On the Receiving Side:

For BGP, routes that are filtered are completely discarded and are NOT kept in memory with some kind of mark that says bgp rpl filtered.

We will use route refresh to obtain the routes again from the neighbor whenever there is a change in inbound route policy.

For this the neighbor has to be refresh capable, else we have to do clear bgp.

When the BGP peer receives a route refresh request it sends the complete table again to the requesting peer. While asking for the table they ask for the relevant (AFI, SAFI) table. When the routes are received from the peer an inbound filter if any is applied and the routes are aggregated.

On the sending side:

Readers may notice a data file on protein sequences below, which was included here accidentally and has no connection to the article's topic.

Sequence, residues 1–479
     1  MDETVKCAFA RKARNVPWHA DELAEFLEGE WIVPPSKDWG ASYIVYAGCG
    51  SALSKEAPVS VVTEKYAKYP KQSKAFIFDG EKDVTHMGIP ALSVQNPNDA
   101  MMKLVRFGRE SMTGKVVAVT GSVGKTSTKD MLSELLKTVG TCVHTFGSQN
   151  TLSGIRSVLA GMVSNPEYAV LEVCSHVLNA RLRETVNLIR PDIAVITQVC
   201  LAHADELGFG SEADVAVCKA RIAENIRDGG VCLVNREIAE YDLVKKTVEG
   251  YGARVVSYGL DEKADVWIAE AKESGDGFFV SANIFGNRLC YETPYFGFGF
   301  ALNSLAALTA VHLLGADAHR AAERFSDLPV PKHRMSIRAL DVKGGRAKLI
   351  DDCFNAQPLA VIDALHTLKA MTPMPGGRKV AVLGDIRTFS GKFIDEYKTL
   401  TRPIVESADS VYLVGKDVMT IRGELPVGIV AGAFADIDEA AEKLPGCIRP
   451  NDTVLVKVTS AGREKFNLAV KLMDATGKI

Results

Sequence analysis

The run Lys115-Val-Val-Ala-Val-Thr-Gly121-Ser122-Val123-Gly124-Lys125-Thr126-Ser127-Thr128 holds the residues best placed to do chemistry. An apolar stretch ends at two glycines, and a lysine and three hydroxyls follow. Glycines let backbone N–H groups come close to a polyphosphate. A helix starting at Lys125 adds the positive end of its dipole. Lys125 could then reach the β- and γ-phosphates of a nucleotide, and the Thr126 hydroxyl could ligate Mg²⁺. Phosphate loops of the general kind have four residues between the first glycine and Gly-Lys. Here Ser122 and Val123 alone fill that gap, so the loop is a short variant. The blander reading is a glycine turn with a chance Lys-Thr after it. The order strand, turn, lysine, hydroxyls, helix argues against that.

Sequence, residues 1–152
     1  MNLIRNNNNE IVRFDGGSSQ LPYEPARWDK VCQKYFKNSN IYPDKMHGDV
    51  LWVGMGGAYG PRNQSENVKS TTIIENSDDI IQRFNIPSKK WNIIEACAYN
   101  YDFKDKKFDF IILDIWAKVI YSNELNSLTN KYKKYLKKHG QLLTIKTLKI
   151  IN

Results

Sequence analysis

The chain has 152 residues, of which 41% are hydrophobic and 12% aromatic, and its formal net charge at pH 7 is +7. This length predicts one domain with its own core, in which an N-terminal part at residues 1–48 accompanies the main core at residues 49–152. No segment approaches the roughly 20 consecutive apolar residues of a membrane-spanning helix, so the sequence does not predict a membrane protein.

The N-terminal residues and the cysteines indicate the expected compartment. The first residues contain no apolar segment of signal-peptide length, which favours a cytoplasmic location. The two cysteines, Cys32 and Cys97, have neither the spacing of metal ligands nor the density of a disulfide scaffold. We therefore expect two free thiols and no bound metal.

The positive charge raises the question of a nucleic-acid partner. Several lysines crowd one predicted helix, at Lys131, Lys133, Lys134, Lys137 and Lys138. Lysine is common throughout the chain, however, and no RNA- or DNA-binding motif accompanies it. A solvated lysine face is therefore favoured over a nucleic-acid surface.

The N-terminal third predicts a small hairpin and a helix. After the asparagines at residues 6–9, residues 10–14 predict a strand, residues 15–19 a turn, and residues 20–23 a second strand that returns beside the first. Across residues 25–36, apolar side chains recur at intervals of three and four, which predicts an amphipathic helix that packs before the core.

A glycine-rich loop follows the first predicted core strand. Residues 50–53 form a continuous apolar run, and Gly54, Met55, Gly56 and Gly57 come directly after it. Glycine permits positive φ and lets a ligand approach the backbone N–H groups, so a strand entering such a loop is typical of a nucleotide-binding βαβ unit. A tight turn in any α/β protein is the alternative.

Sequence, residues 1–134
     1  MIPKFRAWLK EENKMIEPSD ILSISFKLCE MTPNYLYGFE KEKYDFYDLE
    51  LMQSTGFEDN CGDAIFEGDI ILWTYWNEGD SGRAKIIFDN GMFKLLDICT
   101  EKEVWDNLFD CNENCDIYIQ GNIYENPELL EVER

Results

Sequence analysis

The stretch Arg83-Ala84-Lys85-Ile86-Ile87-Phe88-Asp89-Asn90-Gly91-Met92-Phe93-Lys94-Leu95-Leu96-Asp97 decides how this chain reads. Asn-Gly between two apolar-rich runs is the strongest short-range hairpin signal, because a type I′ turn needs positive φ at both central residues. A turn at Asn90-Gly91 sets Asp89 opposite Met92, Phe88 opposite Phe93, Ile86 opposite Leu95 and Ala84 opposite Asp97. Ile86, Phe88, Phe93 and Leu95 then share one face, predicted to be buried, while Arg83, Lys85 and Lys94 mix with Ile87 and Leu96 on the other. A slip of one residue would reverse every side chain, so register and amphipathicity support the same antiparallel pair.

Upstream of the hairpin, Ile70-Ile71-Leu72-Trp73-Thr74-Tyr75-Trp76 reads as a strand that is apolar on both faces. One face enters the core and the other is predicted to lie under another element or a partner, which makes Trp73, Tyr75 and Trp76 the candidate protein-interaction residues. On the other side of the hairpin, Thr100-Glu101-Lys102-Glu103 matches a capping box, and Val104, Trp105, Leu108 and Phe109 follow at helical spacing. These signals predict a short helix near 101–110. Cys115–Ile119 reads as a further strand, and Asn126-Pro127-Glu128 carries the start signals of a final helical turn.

if I apply an RPL basically removing some previously advertised route, would BGP send withdraws for these now filtered routes?

What would rpl/bgp do when the RPL is modified to:

           1) do advertise some previously filtered routes

To advertise previously filtered routes it is similar to regular advertising of routes

           2) stop advertising previously advertised routes

BGP will send withdraws when it stops advertising previously filtered routes.

Xander Thuijs, CCIE #6775

Sr. Tech Lead ASR9000

Average Rating: 5 (1 ratings)

Comments

alessio@cisco Wed, 05/02/2012 - 09:10

Very nice doc!

I am looking for something more extensive and with more syntax than your article to be hones but yours is a very helpful and clear guide. thanks again

PS: If you know very good books about IOS XR and RPL please just let me know!

Alessio

xthuijs Wed, 05/02/2012 - 11:24 (reply to alessio@cisco)